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A Modeler's Evolution

Part Six

by Russell M. Field

1/72 "Dazzle" Mustang 





Murphy lives in my model closet, and administers his laws from there.

From the time I first saw the "dazzle" pattern Mustang, I knew I wanted to model it. I've seen some pictures of 1/48 models of this airplane, but I wanted to do it in my "home" scale of 1/72.

The special splinter pattern was only one of the challenges, and in the end turned out to be the most simple to resolve. The list of "opportunities for personal growth" got longer as I got farther into the project, and the base kit (Condor 1/72 P51/IA, kit # C72015) spawned a couple of "projects within a project".

Practically speaking, I figure I spent somewhere in the neighborhood of three months (linear time) on this one. Someday I'm going to use a stopwatch to figure out how much "touch time" I really spend on these little buggers.







Evidently only one Mustang ever carried this black-and-white splinter camouflage pattern. It was an American P51, with the port rear canopy blister for the camera. Indication for the basic airframe type was that it most likely had a ventral camera aft of the radiator outlet as well.

USAAF Capt. Paul Hexter developed this pattern in 1942. The design is similar to patterns applied to some WWI ships, the intent being to confuse the eye as opposed to hiding the aircraft by making it resemble its surroundings. The approach was moderately successful, but due to the application and maintenance effort required it was not pursued beyond this single craft. I have found no evidence of any other type of WWII airplane being adorned with any pattern like it.

Once again, I got TONS of help from Hyperscalers, answers and scans and references. My primary published references included the Squadron-Signal P-51 In Action and Allison Engined Mustangs Walk Around books, the Profile paperback, #5 of the Aircam Aviation series (North American P-51B/C Mustang in USAAF Service), the P51 Detail & Scale vol. 1, and volume 1 from the Wings of Fame line.

The In-Action has one picture of the actual bird, and the Aircam book shows that and one other photo; the Profile and Walkaround have drawings of it. I was referred to an Osprey book on P51s that shows an in-flight underside shot of this bird and a port-side shot in the work hangar. These are the only photos I could find. The first two pictures in this article attempt to imitate those found in the SS and Profile volumes.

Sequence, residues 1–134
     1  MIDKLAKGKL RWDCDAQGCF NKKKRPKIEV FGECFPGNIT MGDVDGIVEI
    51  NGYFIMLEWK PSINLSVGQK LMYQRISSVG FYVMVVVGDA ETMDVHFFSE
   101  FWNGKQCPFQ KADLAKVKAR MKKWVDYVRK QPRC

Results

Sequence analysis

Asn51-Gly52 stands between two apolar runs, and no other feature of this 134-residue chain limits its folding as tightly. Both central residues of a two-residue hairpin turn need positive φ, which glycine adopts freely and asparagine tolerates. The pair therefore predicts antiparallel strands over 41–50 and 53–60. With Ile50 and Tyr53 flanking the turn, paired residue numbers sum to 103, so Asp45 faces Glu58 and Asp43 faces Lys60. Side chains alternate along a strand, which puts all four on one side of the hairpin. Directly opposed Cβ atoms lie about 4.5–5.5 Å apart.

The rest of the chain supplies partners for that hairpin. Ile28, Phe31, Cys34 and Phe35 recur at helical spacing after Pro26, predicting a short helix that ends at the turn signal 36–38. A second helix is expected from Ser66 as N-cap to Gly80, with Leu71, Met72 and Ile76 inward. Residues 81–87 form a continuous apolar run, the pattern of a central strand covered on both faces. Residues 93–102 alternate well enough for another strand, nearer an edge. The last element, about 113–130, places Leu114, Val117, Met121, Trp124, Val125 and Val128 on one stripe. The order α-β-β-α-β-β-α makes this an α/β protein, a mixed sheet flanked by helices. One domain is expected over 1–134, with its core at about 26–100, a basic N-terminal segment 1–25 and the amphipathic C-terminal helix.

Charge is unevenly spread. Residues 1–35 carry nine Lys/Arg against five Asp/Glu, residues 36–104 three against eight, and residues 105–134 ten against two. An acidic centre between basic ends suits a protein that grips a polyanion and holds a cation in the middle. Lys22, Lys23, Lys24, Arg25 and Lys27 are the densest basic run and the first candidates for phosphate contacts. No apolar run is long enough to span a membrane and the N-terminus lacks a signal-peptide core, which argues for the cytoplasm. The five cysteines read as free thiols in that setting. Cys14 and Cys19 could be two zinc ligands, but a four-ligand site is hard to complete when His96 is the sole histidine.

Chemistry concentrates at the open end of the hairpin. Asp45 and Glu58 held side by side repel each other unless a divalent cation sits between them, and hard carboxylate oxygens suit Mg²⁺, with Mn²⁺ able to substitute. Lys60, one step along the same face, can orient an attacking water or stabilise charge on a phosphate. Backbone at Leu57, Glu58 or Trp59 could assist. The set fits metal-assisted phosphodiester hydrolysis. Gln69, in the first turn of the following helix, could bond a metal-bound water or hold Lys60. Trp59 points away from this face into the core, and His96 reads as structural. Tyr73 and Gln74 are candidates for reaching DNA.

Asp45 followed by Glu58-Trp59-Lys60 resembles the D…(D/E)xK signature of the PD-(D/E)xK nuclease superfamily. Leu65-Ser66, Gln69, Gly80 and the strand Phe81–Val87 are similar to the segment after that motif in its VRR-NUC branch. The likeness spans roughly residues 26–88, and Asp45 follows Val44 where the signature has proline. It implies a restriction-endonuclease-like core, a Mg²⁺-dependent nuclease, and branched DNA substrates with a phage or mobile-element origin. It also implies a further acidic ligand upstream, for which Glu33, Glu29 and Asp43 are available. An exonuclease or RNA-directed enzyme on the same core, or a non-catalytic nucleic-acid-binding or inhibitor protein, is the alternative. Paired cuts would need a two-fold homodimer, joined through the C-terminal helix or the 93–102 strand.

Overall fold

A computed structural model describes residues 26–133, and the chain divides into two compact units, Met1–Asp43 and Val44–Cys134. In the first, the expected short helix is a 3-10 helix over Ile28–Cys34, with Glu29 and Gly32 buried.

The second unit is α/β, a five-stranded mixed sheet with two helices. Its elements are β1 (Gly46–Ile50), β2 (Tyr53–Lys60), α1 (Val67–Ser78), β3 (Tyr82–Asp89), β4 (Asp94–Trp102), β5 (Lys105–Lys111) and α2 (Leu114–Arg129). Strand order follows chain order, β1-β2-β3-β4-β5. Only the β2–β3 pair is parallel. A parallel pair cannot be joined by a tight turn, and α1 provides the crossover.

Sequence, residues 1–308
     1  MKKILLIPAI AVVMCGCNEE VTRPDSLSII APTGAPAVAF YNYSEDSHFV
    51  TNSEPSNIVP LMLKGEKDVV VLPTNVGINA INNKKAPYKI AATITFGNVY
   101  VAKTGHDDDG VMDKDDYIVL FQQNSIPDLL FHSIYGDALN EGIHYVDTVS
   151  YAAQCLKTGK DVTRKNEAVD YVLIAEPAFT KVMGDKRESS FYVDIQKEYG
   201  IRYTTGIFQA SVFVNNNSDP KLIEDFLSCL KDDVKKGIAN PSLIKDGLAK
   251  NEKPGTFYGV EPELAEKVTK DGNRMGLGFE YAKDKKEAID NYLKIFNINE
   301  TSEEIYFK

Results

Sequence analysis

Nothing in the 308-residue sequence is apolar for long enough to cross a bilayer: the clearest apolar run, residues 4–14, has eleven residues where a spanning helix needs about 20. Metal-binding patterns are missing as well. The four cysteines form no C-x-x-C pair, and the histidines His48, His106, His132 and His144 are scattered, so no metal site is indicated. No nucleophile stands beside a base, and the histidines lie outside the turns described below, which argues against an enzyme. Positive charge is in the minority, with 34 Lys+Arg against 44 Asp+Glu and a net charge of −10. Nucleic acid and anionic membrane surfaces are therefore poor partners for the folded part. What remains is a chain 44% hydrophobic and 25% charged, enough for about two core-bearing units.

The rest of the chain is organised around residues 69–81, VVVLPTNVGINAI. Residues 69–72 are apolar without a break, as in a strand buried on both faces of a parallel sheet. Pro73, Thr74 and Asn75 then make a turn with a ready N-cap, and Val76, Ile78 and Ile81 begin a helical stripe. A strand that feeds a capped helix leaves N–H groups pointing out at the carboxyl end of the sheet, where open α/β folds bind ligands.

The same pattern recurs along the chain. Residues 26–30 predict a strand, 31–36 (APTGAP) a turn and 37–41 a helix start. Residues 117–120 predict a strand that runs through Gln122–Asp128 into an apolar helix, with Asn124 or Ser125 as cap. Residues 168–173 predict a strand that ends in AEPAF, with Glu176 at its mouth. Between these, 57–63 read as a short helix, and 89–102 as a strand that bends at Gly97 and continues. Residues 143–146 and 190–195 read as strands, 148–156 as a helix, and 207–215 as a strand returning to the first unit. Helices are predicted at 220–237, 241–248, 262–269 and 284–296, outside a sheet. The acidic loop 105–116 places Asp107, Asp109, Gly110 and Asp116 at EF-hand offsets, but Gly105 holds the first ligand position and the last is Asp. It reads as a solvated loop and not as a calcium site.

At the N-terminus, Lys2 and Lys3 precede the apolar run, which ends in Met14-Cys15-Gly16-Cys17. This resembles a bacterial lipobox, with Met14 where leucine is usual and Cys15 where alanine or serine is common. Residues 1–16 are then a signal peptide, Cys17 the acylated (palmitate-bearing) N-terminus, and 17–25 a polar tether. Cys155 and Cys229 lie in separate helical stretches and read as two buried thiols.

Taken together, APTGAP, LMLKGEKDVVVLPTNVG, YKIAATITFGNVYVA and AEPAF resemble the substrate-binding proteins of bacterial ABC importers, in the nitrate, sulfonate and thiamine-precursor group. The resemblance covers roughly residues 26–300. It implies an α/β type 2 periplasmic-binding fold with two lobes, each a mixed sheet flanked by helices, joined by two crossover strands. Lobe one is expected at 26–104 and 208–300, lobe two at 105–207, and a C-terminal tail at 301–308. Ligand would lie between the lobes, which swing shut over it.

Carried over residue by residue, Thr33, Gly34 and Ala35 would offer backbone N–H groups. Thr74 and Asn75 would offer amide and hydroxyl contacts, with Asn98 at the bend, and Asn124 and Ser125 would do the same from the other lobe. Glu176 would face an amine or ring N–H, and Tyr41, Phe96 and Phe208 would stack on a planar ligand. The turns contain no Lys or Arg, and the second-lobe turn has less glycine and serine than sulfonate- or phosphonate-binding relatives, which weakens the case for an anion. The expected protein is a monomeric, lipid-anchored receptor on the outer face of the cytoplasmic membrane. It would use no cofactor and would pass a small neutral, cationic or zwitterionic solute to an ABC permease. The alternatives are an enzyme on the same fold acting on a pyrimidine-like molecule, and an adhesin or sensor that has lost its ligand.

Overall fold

In choosing a baseline 1/72 kit, I considered backdating the Revell/Germany P-51B (with its fairly correct wing, decent interior and acceptable wheel wells) or going with another kit that targeted the earlier Mustang features (upper cowl intake, no chin scoop, etc.). I finally decided to go with the Condor P-51/1A kit at about US$10, coupled with a True Details P-51B cockpit set and resin wheels.

In hindsight, this may be the best 1/72 kit for this project but I was a little disappointed. It seems to measure out fairly close dimensionally, but:

  • The wheel wells are over-sized and really sparse; this became the first "project-within-a-project" (see the article about this elsewhere on HyperScale);

  • The shape of the wing leading edge reflects the deeper wing root angle of the P51-D rather than that of the early Mustangs (seems to be a common malady among 1/72 early Mustang kits);

  • The shape of the wing cannon fairings was unappealing, but that was OK because they would be replaced when I reshaped the wing leading edge;

  • The wing had only one landing light (there should be one on each wing outboard of the cannons), also OK because I could add one during the leading edge rework;

  • The propeller is designed to spin, but is not trapped in the fuselage (sorry; the way I look at it, prop models should have moveable props that won't fall out when you tip them!);

  • The aerial mast in my kit was not formed properly, but even if it had been it was the wrong style for this particular subject;

  • The plastic is a little soft, and begs for extra attention in weak areas like the landing gear and tailplane attach points;

  • The lower cowling didn't fair into the spinner quite right, but nothing a little putty and sanding wouldn't take care of;

  • The aileron trim tab outlines were incorrectly located, but easily filled and rescribed.

The major features and modifications included:


Cockpit and Canopy
  • True Details P-51B/C cockpit set; 

  • opened kit canopy; 

  • added rear-view mirror and spare ring sight;